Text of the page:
Holly is most commonly associated with the Christmas season, the branches and berries a favorite component of holiday decorations. Though holly shrubs provide four-season interest, it’s during winter when they really shine. The brightly colored berries stand out against the snow, adding beauty to the winter landscape.

With so many forms and sizes to choose from, there’s a variety suitable for every landscape need, from containers to mass plantings. Most garden cultivars are tolerant of a wide range of growing conditions, making them an invaluable addition to any yard.

Where to grow holly

Most holly varieties thrive in moist, but well-drained soil in sun or shade.

How to plant holly

Plant holly bushes in the winter months. Dig a generous hole for your plant, incorporating well rotted garden compost into the soil. Back fill and firm down gently around the base of the plant.

How to care for holly

Hollies are slow-growing plants that are easy to care for. If you want Christmas berries, these are produced on female plants in late autumn to mid-winter. To get them, you need both a male and female plant to ensure cross-pollination, so always plant two. You can recognise male and female hollies from their flowers – the male flowers have more prominent stamens. It’s important to remember that the berries can be harmful to humans if eaten.

Prune hollies according to your requirements. They respond well to cutting back and can be trimmed into formal shapes and hedges, or left more free-form. Pruning should be done in late summer, before the new growth becomes woody. Read our tips for pruning holly.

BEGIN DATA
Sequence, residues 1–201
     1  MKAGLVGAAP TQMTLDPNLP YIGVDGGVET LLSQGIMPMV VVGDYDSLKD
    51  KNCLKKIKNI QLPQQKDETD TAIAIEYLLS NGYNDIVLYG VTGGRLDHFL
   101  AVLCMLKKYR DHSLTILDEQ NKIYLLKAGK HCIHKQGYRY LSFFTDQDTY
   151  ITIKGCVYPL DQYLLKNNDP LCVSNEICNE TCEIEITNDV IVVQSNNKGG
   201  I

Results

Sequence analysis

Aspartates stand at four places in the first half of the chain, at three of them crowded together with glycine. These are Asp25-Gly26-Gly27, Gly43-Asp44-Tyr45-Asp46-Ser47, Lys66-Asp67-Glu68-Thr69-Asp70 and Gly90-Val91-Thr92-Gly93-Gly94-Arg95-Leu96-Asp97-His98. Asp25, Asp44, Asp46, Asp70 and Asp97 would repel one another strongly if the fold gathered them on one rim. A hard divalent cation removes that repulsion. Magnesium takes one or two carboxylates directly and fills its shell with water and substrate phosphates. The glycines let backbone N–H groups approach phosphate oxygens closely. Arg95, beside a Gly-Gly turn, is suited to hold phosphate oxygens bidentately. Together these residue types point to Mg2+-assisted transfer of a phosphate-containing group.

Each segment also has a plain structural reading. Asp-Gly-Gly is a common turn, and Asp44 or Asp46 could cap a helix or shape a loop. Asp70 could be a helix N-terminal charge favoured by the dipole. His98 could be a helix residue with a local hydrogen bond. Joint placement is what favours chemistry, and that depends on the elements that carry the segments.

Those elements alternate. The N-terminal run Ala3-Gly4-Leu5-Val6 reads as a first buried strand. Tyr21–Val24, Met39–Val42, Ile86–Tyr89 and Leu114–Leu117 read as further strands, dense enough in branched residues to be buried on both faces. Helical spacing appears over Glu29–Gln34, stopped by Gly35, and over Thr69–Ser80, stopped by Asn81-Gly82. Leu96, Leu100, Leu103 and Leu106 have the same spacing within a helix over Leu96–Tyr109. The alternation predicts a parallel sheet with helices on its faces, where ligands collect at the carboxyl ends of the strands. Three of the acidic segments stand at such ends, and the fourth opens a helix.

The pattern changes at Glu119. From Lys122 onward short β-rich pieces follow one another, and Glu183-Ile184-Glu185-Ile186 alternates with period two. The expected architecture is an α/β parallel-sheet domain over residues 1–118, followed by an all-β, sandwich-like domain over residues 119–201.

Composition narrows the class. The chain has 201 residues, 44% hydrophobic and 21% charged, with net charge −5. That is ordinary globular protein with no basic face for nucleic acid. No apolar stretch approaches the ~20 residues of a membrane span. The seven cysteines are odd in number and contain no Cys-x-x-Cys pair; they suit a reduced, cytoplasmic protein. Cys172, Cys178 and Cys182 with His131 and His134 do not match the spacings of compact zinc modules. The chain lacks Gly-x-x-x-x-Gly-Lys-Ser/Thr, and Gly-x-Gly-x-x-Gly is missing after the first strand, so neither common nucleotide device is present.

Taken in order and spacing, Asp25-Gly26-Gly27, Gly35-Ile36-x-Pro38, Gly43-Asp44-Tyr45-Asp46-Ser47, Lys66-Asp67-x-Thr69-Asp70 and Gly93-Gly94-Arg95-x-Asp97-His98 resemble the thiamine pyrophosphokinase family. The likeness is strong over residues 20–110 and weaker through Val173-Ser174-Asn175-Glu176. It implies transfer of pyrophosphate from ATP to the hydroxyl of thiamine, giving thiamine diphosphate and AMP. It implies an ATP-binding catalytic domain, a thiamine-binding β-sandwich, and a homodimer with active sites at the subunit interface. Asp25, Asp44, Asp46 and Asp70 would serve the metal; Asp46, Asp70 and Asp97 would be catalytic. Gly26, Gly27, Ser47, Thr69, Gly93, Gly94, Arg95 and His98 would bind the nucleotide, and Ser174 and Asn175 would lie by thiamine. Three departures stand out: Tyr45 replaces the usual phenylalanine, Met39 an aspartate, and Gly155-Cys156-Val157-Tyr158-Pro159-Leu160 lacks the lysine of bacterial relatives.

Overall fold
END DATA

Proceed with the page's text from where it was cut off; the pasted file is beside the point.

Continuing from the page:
If you have inherited an overgrown holly, stagger any hard pruning over two or three years to reshape it.

Watch Carol Klein discuss growing holly with an expert at RHS Rosemoor in our video guide:

How to propagate holly

Hollies can be grown from seed. Collect seed from the berries in December, January and February. Remove the flesh of the berries and rinse the small seeds. Then plant them into compost and leave to germinate outdoors.

Or you can take semi-ripe cuttings in August and September when you carry out your formative pruning or take hardwood cuttings in winter.

Growing holly: problem solving

Hollies are robust and relatively trouble free. However, they can be affected by holly leaf blight. This is a fungal infection of the leaves, caused by Phytophthora ilicis, which causes discoloration to leaves and stems and loss of foliage. It requires cool, damp conditions to flourish and is believed to have come from North America. It has become more of a problem over the past decade and records show it’s more common among these varieties: I. aquifolium, I. crenata, I. × altaclarensis, I. dipyrena and I. kingiana, I. colchica, I. pernyi var. veitchii and some clones of I. apaca. There is no treatment currently available, but if you spot blotchy leaves, cut out the infected area and burn the trimmings to prevent it spreading.